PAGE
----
This morning, I joined about a whopping 80 participants who came to the Alameda Wildlife Refuge for the last workday of the year before the California least terns come back to breed. The Friends of Alameda Wildlife Refuge ( organize work parties on the second Sunday of each month from September through March, then keep watch over the terns during their nesting season from April through August. The endangered California least tern colony is threatened with construction of a VA facility inside what was supposed to be a wildlife refuge.

Each year, about 800 California least terns fly over a thousand miles from the south to Alameda, CA, to breed. The nearest large colony is 150 miles to the south! Habitat loss has driven the terns northward looking for a refuge and now that refuge is threatened despite alternative locations nearby that are outside of the refuge. Look at Golden Gate Audubon's website for information about how you can help fight to protect this endangered species habitat and community open space.

I saw a few birds in between cleaning up the mountains of plastic rubble. There was a redtail hawk on a nearby building with its nest. In the wetlands, the American avocets had changed into their orange breeding plumage. Killdeer flew about chastising the people for being in their territory. I saw a Pacific loon among the Canada geese, scaups, and western grebes.

Afterward, I stopped by Lake Merritt - the center of my "birdiverse" - to see what changes are happening amongst the birds. The tufted duck remained near the bird islands and was spotted among the Greater and Lesser Scaups. The Western and Clarke's Grebes were dancing on the lake at times. In addition to the pied-billed grebe, I saw eared grebes and horned grebes that are beginning to shift into their amazing breeding plumage - a sure sign that spring has come. Five species of grebes calling Lake Merritt home right now. I also saw -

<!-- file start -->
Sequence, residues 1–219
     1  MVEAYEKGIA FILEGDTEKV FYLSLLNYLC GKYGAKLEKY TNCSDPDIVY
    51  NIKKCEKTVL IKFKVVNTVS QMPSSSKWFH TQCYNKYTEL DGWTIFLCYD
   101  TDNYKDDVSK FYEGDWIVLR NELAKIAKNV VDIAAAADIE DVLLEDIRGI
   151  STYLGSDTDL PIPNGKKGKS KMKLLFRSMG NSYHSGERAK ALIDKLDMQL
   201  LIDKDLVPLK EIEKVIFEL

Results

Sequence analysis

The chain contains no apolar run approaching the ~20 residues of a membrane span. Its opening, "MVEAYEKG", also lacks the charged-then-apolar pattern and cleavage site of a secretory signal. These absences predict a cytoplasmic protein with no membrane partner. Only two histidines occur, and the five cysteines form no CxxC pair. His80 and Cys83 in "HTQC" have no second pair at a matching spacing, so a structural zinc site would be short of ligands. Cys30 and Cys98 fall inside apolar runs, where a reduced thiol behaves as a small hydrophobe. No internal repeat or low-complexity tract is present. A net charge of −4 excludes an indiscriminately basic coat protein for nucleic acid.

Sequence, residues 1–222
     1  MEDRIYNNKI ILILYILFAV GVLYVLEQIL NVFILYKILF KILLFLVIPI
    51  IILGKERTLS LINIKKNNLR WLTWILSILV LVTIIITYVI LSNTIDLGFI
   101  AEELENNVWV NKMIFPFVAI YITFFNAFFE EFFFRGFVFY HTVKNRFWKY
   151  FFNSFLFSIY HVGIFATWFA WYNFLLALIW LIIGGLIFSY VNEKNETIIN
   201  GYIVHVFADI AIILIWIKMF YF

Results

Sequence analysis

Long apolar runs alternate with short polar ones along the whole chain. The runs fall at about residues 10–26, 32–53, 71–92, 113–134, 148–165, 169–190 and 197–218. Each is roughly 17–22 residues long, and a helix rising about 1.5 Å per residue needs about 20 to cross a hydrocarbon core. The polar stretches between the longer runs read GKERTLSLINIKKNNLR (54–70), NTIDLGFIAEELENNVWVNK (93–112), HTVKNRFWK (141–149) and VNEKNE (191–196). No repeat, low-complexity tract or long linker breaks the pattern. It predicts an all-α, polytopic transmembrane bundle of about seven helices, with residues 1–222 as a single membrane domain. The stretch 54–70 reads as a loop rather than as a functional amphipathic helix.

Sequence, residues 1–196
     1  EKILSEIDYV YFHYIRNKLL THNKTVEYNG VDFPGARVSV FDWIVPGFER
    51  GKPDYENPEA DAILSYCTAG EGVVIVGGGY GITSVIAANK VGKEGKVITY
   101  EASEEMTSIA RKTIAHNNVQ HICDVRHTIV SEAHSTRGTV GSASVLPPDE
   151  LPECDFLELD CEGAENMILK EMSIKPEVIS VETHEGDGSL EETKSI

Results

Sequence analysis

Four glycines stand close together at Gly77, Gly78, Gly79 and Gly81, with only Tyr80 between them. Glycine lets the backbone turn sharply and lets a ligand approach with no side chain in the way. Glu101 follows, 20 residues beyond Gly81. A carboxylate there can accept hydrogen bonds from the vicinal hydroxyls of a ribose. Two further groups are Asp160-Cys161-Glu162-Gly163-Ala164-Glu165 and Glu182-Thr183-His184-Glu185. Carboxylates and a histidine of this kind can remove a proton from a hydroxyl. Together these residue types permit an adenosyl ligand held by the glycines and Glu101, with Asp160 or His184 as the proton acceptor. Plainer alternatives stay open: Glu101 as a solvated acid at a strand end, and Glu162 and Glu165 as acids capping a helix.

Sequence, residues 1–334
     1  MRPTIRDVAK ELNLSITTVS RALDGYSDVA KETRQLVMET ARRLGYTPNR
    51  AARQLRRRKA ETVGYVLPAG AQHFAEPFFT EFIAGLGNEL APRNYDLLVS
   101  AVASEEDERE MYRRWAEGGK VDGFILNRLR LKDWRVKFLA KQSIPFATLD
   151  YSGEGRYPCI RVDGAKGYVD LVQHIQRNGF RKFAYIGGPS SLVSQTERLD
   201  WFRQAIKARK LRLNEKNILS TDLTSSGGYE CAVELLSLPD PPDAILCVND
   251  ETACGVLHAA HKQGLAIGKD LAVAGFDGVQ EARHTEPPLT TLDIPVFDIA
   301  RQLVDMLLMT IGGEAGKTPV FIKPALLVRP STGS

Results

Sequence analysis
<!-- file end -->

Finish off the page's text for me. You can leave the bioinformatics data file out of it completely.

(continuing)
• Common Goldeneyes
  • Canvasback Ducks
  • Ruddy Ducks
  • Bufflehead Ducks
  • Mallard Ducks
  • American Coots
  • Snowy Egrets
  • Great Egret
  • Black-crowned Night Herons
  • Double-crested Cormorants
  • Ring-billed Gulls
  • Western Gulls
Now if only people would stop feeding the birds! I can't even tell you how many people were feeding the pigeons and ducks. It's too bad Oakland won't post signs. Bread to a hungry bird is like popcorn to a human - just filler without much nutritional value. Plus, it ends up benefiting birds like pigeons and geese, which are overabundant in the area. The leftovers can attract rats and other pests. Please don't feed wildlife! It's a lot of fun, but the consequences are too great for birds, people, and the environment.

Instead, plant a bird-friendly backyard or restore wildlife habitat if you love birds and other wildlife. That's the best thing you can do for them!

Sunday, March 2, 2008

Heron's Head Park, San Francisco, CA

After doing an interview at Pier 94 with the San Francisco Examiner, I headed over to Heron's Head Park down the road. It's a great birding location that never fails to be a good time. Before leaving Pier 94, there were a pair of American Kestrels and a pair of mocking birds flirting on the fence.

The best part of the trip was seeing the HARLEQUIN DUCK again that I saw first at Pier 94 around October, then again at Heron's Head Park during the December 27th Christmas Bird Count.

Also out at Heron's Head today included:
  1. Common Goldeneye
  2. Red-breasted Merganser
  3. Black Oystercatcher
  4. American Avocets
  5. Dunlin
  6. Black-bellied Plover
  7. Long-billed Curlew
  8. Willet
  9. Snowy Egret
  10. Greater Scaups
  11. Belted Kingfisher
  12. Least Sandpiper
  13. Spotted Sandpiper
  14. Horned Grebe
  15. Western Grebes
  16. American Widgeons
  17. Ruddy Ducks
  18. Buffleheads
  19. Surf Scoters
  20. American Coots
  21. Double-crested Cormorrants
  22. Mew Gulls